While most West Bank urban centers have experienced a relative easing of the occupation since the Oslo Accords, Hebron remains an anomaly with soldiers regularly policing central areas of the city. When protests take place in Ramallah, Bethlehem, Jenin, and other cities in Area A—the Oslo delineated regions under Palestinian Authority security control—it is the Palestinian police who respond. However, both Palestinian forces and the Israeli military police Hebron.

Oddly the Palestinian security forces in Hebron find themselves on both the receiving end of Israeli fire, and in a collaborative role. On Friday morning before the Open Shahuda Street march was underway, Palestinian police formed a chain between protesters and the army. Then a group of 20 officers retreated to the Israeli soldiers, prompting demonstrators to jeer, “look, they are collaborating, they are coordinating!” Indeed moments later the Palestinian police advanced on the march, beating protesters with batons. In response the Hebron marchers pelted the officers with rocks, ultimately shooing them away until the face off was reduced to Palestinians versus Israelis. But the Palestinian officers that lingered were not excused from Israeli fire, often running to escape chemical dispersants alongside the activists.

The Israeli response

Despite the Israeli military’s heavy ground response over the past seven days of protests, the army communications unit has taken a quiet approach. “Numerous riots summing to a few hundred participants, _#IDF was well prepared with dispersal means & crowd control. No story,” tweeted Peter Lerner last Friday in his only response to the clashes. The comment was made on Lerner’s first day at the helm of the IDF International Media program. Avital Leibovich, who developed a reputation for interacting with commenters on social media during times of Israeli military operations, formerly held the position. Leibovich has since been promoted to Head of the Interactive Media Branch for the IDF.

Warnings over the much anticipated “Third Intifada” has been conspicuously absent from the IDF’s current patois de guerre. Last month top-ranking members of the government were eager to decry a possible uprising. One IDF commander, Yaniv Alaluf, even outright stated it had started. “We’re no longer on the verge of a third intifada – it’s already here. We anticipate many more [clashes] from now on,” said Alaluf. At the time Annie Robbins noted the “month-long series of pronouncements from Israeli sources that Palestinians are launching a Third Intifada,” and questioned why Palestinian sources “who launched Intifadas in 1987 and 2000” were not “the ones to declare their own uprising.” But since then Israeli officials have dropped the talking point. Instead Israel has taken to appeasing the Palestinian population by releasing the millions of dollars of tax funds it withheld last Fall after the Palestinian Authority achieved UN non-member observer status. On Tuesday 35o million NIS was transferred from the Israeli government to the Palestinian Authority, possibly in an attempt to quell the protests.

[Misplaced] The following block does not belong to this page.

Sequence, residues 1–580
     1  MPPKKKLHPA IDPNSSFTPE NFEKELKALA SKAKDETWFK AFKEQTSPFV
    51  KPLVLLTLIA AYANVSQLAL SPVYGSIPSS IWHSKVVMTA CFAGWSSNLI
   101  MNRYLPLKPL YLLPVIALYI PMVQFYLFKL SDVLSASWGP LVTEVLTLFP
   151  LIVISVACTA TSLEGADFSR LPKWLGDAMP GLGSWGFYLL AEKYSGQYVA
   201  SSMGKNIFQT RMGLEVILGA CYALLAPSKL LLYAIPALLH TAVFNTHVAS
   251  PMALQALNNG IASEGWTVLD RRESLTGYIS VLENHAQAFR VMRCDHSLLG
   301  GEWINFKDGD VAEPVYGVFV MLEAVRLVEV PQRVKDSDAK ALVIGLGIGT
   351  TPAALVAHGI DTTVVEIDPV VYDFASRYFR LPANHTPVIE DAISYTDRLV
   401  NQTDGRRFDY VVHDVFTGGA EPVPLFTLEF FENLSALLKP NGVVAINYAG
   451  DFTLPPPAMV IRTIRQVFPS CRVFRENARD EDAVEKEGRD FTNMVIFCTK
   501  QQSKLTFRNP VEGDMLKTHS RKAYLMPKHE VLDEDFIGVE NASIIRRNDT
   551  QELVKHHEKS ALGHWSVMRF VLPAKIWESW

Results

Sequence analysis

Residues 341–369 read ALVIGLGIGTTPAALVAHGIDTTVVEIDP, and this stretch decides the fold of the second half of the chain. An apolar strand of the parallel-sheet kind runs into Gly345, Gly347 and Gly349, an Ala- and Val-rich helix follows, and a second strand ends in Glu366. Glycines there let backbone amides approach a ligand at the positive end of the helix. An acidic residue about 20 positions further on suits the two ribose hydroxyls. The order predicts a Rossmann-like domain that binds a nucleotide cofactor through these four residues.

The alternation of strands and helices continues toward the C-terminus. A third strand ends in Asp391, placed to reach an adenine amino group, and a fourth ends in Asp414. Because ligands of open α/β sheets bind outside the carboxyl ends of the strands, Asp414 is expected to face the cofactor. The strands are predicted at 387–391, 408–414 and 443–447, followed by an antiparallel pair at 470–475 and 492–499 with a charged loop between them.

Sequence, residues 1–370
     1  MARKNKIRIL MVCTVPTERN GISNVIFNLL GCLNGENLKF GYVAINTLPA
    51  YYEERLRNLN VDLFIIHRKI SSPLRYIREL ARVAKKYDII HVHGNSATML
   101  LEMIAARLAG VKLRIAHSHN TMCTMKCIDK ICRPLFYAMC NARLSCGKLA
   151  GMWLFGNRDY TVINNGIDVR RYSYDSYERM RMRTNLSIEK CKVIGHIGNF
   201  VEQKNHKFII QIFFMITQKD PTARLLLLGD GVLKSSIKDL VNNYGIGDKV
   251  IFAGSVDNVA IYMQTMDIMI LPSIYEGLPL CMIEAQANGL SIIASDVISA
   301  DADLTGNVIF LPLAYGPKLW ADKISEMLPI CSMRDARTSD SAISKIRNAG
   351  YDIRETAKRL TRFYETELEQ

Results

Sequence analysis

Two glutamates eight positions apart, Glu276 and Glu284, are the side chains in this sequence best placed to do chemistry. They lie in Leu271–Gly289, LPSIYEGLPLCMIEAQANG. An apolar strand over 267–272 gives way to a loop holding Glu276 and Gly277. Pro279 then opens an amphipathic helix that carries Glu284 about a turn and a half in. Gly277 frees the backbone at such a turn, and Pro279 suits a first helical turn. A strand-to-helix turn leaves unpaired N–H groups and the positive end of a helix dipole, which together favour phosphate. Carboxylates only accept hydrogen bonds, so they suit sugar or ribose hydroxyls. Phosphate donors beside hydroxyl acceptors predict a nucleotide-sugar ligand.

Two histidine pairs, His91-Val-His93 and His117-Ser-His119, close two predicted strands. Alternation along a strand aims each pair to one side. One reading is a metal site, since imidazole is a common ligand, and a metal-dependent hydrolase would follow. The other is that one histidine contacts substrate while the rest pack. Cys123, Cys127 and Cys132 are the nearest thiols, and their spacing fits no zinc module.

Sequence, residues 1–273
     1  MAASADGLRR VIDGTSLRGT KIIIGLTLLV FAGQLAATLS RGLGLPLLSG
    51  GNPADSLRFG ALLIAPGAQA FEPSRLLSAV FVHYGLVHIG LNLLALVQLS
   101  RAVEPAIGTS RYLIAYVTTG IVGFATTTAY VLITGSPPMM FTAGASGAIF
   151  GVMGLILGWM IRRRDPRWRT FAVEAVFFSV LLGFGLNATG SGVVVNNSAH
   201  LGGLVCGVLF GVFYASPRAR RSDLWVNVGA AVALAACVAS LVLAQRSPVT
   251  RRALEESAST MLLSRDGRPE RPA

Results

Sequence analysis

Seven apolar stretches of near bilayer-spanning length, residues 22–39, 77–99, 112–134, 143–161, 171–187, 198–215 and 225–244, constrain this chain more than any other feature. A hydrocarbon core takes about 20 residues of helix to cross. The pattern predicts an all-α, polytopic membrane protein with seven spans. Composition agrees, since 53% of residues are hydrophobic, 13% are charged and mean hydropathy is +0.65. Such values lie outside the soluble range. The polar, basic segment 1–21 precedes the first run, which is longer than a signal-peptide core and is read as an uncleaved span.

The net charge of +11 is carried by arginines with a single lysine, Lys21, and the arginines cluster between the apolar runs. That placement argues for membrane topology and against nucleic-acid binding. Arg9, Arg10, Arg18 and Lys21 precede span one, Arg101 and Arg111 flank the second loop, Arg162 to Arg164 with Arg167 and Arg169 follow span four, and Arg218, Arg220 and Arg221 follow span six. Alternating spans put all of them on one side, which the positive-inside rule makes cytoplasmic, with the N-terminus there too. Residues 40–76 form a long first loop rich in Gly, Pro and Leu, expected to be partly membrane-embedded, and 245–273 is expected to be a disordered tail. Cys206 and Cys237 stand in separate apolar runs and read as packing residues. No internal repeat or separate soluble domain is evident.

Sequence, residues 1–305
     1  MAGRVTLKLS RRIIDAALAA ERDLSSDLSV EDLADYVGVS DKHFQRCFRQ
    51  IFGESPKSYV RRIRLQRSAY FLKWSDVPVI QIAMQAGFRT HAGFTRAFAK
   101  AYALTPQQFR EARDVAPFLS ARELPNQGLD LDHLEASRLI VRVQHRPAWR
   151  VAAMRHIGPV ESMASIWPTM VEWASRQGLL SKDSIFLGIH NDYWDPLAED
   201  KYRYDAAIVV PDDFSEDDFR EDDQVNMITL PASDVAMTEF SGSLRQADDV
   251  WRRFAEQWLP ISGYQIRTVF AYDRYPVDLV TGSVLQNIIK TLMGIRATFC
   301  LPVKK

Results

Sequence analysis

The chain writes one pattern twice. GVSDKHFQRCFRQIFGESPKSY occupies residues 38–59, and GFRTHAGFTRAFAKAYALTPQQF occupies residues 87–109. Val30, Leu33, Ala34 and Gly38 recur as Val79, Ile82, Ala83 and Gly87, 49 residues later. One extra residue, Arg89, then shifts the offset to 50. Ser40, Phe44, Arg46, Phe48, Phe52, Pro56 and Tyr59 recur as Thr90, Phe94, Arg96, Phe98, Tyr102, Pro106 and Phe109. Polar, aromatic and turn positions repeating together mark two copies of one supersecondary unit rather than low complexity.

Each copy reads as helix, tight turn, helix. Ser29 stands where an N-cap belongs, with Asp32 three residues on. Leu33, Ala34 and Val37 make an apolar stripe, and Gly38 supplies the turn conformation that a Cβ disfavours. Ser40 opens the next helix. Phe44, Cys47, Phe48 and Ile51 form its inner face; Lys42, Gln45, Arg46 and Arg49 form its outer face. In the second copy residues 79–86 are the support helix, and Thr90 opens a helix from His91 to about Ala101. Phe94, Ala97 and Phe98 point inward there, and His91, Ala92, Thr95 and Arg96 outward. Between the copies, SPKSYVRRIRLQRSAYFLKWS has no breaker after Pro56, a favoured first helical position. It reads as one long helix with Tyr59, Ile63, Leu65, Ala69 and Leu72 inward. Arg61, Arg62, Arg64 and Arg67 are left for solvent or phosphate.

On the ground the effect of the Israeli strategy is visible, yet the demonstrations are not subsiding. Ramallah, the de facto capital of the West Bank was bustling today and yesterday. “Everyone got paid their salaries,” noted a Palestinian photojournalist while walking through a traffic jam in the city center on Wednesday.

Indeed there is not end in sight for the now week-long clashes in the West Bank. And unlike the last spike in protests during Operation Pillar of Cloud, no ceasefire can instantaneously calm the storm twirling across the occupied Palestinian territories. Will there be a Third Intifada? It is still hard to predict, but perhaps for the first time in years the conditions are ripe for a popular uprising.